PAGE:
APS News

Rooney is Named Next APS Congressional Fellow

The American Physical Society selected the 1997-1998 Congressional Fellow at its annual spring meeting in Washington, DC, in April. Peter Rooney, a program officer for the National Research Council (NRC), will serve one year as a special legislative assistant in a congressional office of his choice, following an intensive, ten-day orientation period and interview process. Rooney applied for the APS fellowship "in order to build on my current science policy experience and gain in-depth exposure to the Congressional policy-making process," he said. "I welcome the opportunity to contribute to the promotion of science and technology policies that promote scientific research and contribute to the strength of our economy."

Rooney received his BS in physics from Sonoma State University in 1986 and completed his PhD at the University of California, San Diego, in 1995. His research focused on studying the effect of deposition conditions on chemical order in single crystal, thin film binary metal alloys, to determine how the kinetics of film growth and, in particular, the enhanced mobility at the surface relative to the bulk, affect the short and long range order in vapor-deposited thin metal films. From a practical standpoint, the development of advanced materials for a wide variety of applications depends on the ability to control the microstructure of vapor-deposited films, requiring a basic understanding of the kinetics of vapor deposition and growth.

While completing his graduate work, Rooney worked as a research assistant at the University of California, Berkeley's Microfabrication Laboratory as well as at UCSD's Center for Magnetic Recording Research. Both are industry-affiliated technology research centers. It was his experience working in such an environment that stimulated his interest in the issue of U.S. industrial competitiveness, especially as it relates to technology-intensive industries. He also spent seven years as a successful entrepreneur before attending college, co-founding WWC, Inc., a holding company that manages farmland and oil and gas producing properties, as well as a chain of five specialty food stores and affiliated restaurants.

One of Rooney's primary responsibilities at the NRC has been to manage the annual assessment of technical programs for the areas of the National Institute of Standards and Technology (NIST) that are engaged in physical science and information science research and development. He also served as study director for three different NRC panels: the Space Studies Board Task Group on Issues in Sample Return, which examined planetary protection issues surrounding a possible Mars sample return mission; the Space Studies Board Committee on Human Exploration, which reviewed and evaluated the varied approaches NASA has adopted to manage space science human exploration missions; and the Naval Studies Board Committee on Assessment of Fire Suppression Substitutes and Alternatives to Halon, which examined the status of research and engineering directed toward developing alternative fire suppression agents to replace halons on naval platforms.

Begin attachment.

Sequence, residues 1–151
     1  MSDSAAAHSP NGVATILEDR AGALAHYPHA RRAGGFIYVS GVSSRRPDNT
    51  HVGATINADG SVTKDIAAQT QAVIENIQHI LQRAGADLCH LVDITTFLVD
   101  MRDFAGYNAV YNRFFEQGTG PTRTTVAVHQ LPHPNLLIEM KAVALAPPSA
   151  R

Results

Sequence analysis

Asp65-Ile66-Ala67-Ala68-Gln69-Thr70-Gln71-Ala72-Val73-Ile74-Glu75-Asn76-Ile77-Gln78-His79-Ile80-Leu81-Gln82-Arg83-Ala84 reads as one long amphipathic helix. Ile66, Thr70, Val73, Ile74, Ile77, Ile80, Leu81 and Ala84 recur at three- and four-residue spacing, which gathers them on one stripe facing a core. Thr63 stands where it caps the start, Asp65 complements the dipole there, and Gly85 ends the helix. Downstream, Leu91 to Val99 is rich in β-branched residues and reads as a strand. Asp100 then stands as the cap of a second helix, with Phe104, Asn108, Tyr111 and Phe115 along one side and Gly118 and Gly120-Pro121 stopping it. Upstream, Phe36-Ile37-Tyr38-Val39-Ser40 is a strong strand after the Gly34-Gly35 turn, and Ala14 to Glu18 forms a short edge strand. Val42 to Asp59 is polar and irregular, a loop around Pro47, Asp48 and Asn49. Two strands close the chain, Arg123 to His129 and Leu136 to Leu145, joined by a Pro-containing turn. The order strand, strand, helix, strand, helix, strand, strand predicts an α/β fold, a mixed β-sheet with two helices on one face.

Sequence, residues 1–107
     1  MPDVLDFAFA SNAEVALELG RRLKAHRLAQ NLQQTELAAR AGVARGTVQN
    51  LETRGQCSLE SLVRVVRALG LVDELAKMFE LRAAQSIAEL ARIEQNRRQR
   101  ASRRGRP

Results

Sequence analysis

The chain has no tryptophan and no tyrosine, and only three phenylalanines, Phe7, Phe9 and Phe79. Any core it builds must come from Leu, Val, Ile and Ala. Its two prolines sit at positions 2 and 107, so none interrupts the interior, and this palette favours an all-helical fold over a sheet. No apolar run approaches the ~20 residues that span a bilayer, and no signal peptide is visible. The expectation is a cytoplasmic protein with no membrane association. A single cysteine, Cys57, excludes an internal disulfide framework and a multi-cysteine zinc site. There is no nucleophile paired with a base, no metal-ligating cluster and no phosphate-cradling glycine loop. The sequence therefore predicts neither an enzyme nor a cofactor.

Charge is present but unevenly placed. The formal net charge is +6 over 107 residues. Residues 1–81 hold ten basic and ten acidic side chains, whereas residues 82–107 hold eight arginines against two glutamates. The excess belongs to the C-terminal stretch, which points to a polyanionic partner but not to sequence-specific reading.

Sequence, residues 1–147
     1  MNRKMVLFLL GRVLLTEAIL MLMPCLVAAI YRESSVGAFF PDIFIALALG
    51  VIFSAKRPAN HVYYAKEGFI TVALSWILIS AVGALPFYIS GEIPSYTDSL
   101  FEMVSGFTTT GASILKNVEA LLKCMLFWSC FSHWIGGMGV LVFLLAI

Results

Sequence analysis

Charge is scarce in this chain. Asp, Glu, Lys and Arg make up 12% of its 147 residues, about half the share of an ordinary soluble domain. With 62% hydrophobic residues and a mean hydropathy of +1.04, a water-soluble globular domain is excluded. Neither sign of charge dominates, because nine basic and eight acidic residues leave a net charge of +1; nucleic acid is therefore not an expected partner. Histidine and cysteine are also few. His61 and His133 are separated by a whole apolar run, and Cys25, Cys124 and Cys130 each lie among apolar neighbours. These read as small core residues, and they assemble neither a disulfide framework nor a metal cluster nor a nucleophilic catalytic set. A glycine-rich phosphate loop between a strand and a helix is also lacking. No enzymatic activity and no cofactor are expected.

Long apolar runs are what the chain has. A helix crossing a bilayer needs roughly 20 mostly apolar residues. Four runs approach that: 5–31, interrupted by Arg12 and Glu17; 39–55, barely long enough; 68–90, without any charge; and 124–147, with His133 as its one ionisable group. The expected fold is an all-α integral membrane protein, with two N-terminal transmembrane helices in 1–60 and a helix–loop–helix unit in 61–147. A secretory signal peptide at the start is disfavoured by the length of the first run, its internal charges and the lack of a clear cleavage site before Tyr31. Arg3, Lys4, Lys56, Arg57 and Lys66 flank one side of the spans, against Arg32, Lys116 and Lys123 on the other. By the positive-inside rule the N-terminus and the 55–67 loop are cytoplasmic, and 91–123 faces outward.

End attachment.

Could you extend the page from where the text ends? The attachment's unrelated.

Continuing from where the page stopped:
Rooney also has considerable experience in public service outside the national political arena. From 1980 to 1982 he was a member of the Board of Trustees of Sudbury Valley School, a private, non-profit elementary and secondary school in Framingham, Massachusetts, writing public relations materials and serving as a spokesperson for the school in various public forums. He was also a volunteer board member of the Sonoma County Environmental Forum in Santa Rosa, California, from 1984 to 1986, which lobbied local and regional government bodies in support of environmental issues.

The APS Congressional Fellowship program is intended to provide a public service by making available individuals with scientific knowledge and skills to members of Congress, few of whom have a technical background. In turn, the program enables scientists to broaden their experience through direct involvement with the legislative and political processes. "Fellows gain a perspective which, ideally, will enhance not only their own careers but also the physics community's ability to more effectively communicate with its representatives in Congress," said APS Vice-President Jerome Friedman. "Today's budget climate makes this ability of increasing importance as shrinking resources force hard choices between worthy projects."

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Editor: Barrett H. Ripin